Past Projects

Several successful pilot projects conceived, funded, and run by the Junior League of Northern Westchester were subsequently handed over to community partners. They continue to thrive and serve the community today.

Food Insecurity ~ The Junior League of Northern Westchester has been a key player in the battle against food insecurity in our community over the last decade. The Food Bank for Westchester’s Kraft Mobile Food Pantry program provides a grocery basket comprised of fresh fruits, vegetables, meats and breads for over 300 individuals once a month for the price of a regular family grocery shopping trip ($150).

The Westchester Coalition for Hunger and Homelessness (WCHH) has seen a 30% increase in the number of people seeking food and shelter since 2010. More than 5.5 million meals were served last year in our region. In 2013, 1 in 6 people faced economic insecurity here in the US and 1 and 5 people face food insecurity here in Westchester County.

In the 2015 – 2016 service year, the League continued to focus our efforts on the issue of food insecurity by developing a program around the issue and direct service by working on the following:

  • Continue to distribute food through The Food Bank for Westchester’s Kraft Mobile Food Pantry. This specialized 36-foot beverage-style truck brings a “market on wheels” to underserved communities and has refrigeration and freezer units so that fresh, nutritious foods can be delivered directly to those who need it.
  • Explore ways in which we can engage in partnerships with organizations sharing a vision of healthy eating for all community members, and working on this issue to help craft, and support ongoing public awareness.
  • Research ways in which we can educate school districts or community members around the theme of food insecurity in their own back yards.
  • Research and understand current federal and national legislation and proposals addressing the root cause of hunger. Become an advocate for food insecurity issues.

Some of our past initiatives have included, Kids in the Kitchen (KITK), which helped kids learn about healthy foods and lifestyles. We partnered with the Northern Westchester Hospital and Neighbors Link for KITK and transitioned it to them. Backpack Buddies was a project with the Boys and Girls Club of Northern Westchester (BGCNW) where volunteers put together food packs once a month for those families that needed assistance. This was transitioned to the BGCNW in 2015.

Backpack Buddies ~ A JLNW initiative since Spring 2010, Backpack Buddies bridges the gap in services for children enrolled in the Boys & Girls Club of Northern Westchester (BGCNW) after-school programs. On a weekly basis throughout the school year, JLNW, in conjunction with the Food Bank for Westchester, provides 110 of the 150 children in the BGCNW after-school programs with non-perishable, easily consumed and vitamin-fortified food to take home on weekends. Addressing hunger among children of working families, JLNW funds and runs this program. It purchases food, backs bags and monitors inventory provided by the food bank.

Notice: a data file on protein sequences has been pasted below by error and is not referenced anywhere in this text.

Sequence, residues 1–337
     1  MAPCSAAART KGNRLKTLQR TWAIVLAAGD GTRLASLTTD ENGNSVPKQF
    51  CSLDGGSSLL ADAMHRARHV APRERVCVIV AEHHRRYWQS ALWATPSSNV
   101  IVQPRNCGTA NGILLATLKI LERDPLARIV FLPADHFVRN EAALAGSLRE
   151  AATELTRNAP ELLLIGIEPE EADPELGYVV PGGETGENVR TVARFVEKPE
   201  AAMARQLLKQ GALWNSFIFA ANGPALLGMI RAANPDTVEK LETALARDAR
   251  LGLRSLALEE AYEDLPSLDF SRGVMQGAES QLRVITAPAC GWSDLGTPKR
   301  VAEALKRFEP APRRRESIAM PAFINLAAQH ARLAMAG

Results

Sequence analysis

The Mount Kisco Interfaith Food Pantry (MKIFP) is a volunteer, charitable alliance of 12 churches and synagogues dedicated to fighting hunger in the greater Mount Kisco area. In 2009, JLNW became the first non-religious community service organization to partner with MKIFP, providing volunteers for pantry shifts. MKIFP distributes food twice weekly. Most recipients are working families. The number of households seeking groceries weekly has increased 37% in 2010. Through September 2010, 11,673 individuals have been served.

Hope’s Door, formerly known as the Northern Westchester Shelter, was founded in part by JLNW in 1989 and renovated by JLNW in 2008. The shelter provides a safe haven for victims of domestic violence. Since 1989, it has sheltered 3,787 women and children and answered 16,000 crisis calls.

Independent Neighborhood Network cultivates relationships among the young, old and in-between through community websites designed for local neighborhoods. JLNW funded, created and organized community networks in 2010 that now are run by neighborhood volunteers.

Love Shouldn’t Hurt Symposium ~ In 1999, JLNW was a pioneer in educating local high school students about the dangers of abusive relationships. The annual conference continues today at Pace University.

Mount Kisco Child Care Center ~ Established by JLNW in 1971 in cooperation with our community partners, this not-for-profit center provides affordable care to a diverse group of children in a safe, healthy environment.

Muscoot Farm Restoration ~ Restoration of this 19th century farm was led by JLNW in 1986, in anticipation of the farm’s acquisition by Westchester County in 1987. Each year thousands of individuals and families enjoy the agricultural history and hands-on experience of this working farm, which is part of the Westchester County park system.

The Teen Education Center at the Boys and Girls Club of Northern Westchester was established by JLNW as a positive learning environment in 2006.